At that point, one reminded the others they were late for an appointment to have their hands henna tattooed. Making a few loud comments about how these decorations would ensure their soon-to-be-married girlfriend would become pregnant on her wedding night, they gathered their purchases together and walked away. I was looking around for anything I could throw at them but at that point my friend arrived and the moment passed. In fact it was only several hour later that I felt the first stirrings of this absurd need to obtain a Bunny.

My readers will instantly understand that there is no need to contact animal protection services. I was a man in search of a symbolic Bunny and yes, it would have to be chocolate. The reasons for this preference are obvious. Real Bunnies poop and want to do things with other Bunnies. I have no time to clean up the first and no desire to observe the second. As well, any real Bunny hanging around my house inevitably becomes dinner. Friends can become a tad upset when they are served what I call lapin aux fines herbes and what they refer to as Curried Thumper. Finally, I recognized that I wanted a tangible symbol, something I could touch, and my favorite touching tool has always been my mouth.

The problem was I wasn’t really sure what my Bunny was going to symbolize. For example, was it going to be an Anger Bunny? The three women had displayed an irritating degree of cultural ignorance and insensitivity, but Toronto often struggles to maintain it’s loudly declared allegiance to multiculturalism. Tensions do exist.  In fact, I sometimes wonder if it’s a combination of fear and political correctness rather than commitment that keeps things calm on our polite surfaces. However, I had heard far worse comments directed at far more targets and I had not really been affected. I tend to chalk such outbursts up to the mutterer’s sense of personal and political impotence and get on with my search for the perfect rib steak. Anger Bunny it was not

Had their words had awakened some remnant of Christianity lingering deep within my slumbering soul. Was I offended on behalf of some distant past? Like many North American kids, I had been trundled off to church and Sunday school by my dutiful parents. I had learned my catechism, joined the choir and refrained from beating up my friends during the actual services. Then, one Sunday during my thirteenth year, I had loudly declared my atheism at dinner.  My mother responded by reminding me that if I wanted dessert, I needed to eat my liver. This muted reaction, and the fact that the following Easter I got my chocolate Bunny anyway is a pretty clear indication that our house was not precisely a hotbed of religious fervor. So I don’t think what I was hearing all these many years later was some God Bunny calling me back to the fold.

Maybe I was hungry for an Intellectual Bunny! I have a passion for symbols and some are more elegant than others. This is decidedly true of two most commonly associated with Easter – the egg and the Bunny. Eggs coloured red are meant to represent the blood of the risen Christ, but there are non-religious egg interpretations as well. A green egg can mean the return of spring. A white egg can represent purity and innocence, a brown egg the earth, a blue egg hope and any egg immortality.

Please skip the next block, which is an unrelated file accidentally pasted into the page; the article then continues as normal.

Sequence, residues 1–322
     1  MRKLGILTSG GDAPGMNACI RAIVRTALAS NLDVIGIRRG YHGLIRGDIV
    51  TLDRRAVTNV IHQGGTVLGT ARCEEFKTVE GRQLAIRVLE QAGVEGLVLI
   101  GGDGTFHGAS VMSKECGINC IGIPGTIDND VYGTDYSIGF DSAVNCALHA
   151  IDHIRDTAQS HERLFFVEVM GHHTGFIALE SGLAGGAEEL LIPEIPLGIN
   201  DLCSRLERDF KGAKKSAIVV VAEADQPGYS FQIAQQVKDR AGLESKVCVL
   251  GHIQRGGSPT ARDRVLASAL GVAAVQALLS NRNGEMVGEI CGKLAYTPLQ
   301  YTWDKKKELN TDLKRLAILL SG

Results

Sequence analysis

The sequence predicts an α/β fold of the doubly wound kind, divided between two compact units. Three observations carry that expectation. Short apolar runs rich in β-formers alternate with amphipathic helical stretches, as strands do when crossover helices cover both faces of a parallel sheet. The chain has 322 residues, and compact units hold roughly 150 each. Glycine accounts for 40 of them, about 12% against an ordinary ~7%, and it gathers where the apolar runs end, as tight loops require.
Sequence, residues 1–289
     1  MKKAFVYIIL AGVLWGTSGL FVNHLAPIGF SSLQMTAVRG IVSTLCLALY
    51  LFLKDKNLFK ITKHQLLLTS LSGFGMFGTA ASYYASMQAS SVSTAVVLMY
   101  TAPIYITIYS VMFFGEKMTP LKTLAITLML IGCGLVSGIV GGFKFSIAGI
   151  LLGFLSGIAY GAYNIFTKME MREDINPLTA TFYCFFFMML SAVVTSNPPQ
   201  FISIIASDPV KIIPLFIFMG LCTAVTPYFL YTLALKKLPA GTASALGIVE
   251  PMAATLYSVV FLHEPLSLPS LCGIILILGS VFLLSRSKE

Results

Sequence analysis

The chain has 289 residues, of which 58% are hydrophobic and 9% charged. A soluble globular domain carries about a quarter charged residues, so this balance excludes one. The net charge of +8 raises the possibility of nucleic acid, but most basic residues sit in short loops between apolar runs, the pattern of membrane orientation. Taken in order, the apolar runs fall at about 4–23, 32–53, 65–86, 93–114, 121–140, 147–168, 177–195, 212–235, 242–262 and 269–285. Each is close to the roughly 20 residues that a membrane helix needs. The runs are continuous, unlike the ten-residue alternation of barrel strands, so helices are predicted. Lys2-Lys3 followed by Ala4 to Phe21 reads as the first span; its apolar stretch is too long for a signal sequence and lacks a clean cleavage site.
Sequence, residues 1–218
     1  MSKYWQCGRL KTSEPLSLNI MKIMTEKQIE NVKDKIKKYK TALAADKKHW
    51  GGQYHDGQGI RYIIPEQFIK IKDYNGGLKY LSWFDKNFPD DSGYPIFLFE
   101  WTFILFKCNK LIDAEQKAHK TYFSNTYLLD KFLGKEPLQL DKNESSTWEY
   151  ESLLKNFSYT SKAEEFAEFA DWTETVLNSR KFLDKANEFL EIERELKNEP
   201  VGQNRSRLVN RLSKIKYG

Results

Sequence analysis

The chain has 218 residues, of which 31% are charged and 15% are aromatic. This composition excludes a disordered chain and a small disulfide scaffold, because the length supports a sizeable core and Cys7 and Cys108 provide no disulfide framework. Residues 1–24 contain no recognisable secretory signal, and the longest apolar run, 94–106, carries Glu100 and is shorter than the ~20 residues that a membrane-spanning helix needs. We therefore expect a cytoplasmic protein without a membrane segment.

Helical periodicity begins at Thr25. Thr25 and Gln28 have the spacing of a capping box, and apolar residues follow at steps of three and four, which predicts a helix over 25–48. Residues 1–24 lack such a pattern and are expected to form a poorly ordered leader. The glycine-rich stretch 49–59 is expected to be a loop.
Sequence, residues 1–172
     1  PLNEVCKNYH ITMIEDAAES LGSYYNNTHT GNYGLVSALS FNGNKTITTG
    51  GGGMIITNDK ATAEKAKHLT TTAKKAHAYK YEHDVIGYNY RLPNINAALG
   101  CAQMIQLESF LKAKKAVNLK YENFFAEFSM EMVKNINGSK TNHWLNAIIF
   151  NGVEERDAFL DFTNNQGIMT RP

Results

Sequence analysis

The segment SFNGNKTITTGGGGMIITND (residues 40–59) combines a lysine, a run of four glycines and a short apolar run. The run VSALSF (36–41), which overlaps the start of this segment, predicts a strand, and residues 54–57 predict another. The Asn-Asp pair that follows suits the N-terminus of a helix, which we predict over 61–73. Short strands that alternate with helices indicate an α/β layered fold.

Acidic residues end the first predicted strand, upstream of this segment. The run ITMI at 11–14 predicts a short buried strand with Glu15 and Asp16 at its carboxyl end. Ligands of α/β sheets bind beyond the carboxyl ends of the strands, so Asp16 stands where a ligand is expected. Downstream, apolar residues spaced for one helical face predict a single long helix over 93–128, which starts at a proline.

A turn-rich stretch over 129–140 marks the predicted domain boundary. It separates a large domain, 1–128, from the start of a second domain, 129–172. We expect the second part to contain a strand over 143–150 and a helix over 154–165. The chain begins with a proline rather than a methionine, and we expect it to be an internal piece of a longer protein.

The Bunny, or the Hare, was thought by some ancient writers to be a hermaphrodite. This possibility of a virgin birth made the hare a perfect symbol for Mary, the mother of Christ. Many churches have circular carvings showing three rabbit heads with overlapping ears, a charming geometric representation of the trinity: Father, Son and Holy Ghost. Still, I am able to appreciate many other symbols without feeling an urge to eat chocolate. More, I realized at some deeply profound level that a chocolate egg would not answer my need. It had to be a Bunny.

One possibility I quickly eliminated was any sort of Pagan Bunny. I had once done a little research about Easter and I had very quickly came across Eastre, the old Saxon goddess of the dawn, spring and fertility for whom Easter is named. Eastre was wife of the Sun God. A full moon occurring after the spring equinox represented a pregnant Eastre about to give birth to new life. This idea encouraged noisy and apparently quite randy festivals all over the German speaking world. However, the idea of a pregnant goddess flying around overhead only encourages me to stay indoors or to invest in a really good umbrella.

I almost decided to call the object of me search Mellow Bunny. That worked in many ways. If nothing else, it affirmed my fondness for Easter, something that persists even though I have left religion behind me. Easter was always so much more relaxed that Christmas. I didn’t have to worry about sending Easter cards or getting my army of relatives Easter gifts. I didn’t need to learn Easter carols. There was no elaborate pop-up calendar countdown, no incessant demands that I be a good boy if I wanted to avoid coal in my stocking, no long vacation that had to be used “productively”. I couldn’t really screw up Easter.

But eventually the epiphany hit. It’s spring.  Spring is silliness. It’s the giddily giggily season. The days grow a little longer, the clothing burden becomes less wearisome, birdsong hasn’t yet become annoying and here and there small green shoots push themselves up into the sunshine. The sun yawns; the sky stretches; the trees stand up a little taller. It isn’t the full orgiastic explosion that comes later; it’s subtle and gentle and teasing. The air remains nippy, snow can still fall, and mud is in ambush mode but a promise has been made and so we all walk about grinning big grins, offering each other high fives and feeling like we could hop and leap and  jump over any and every obstacle in our way. That’s why it had to be a Bunny.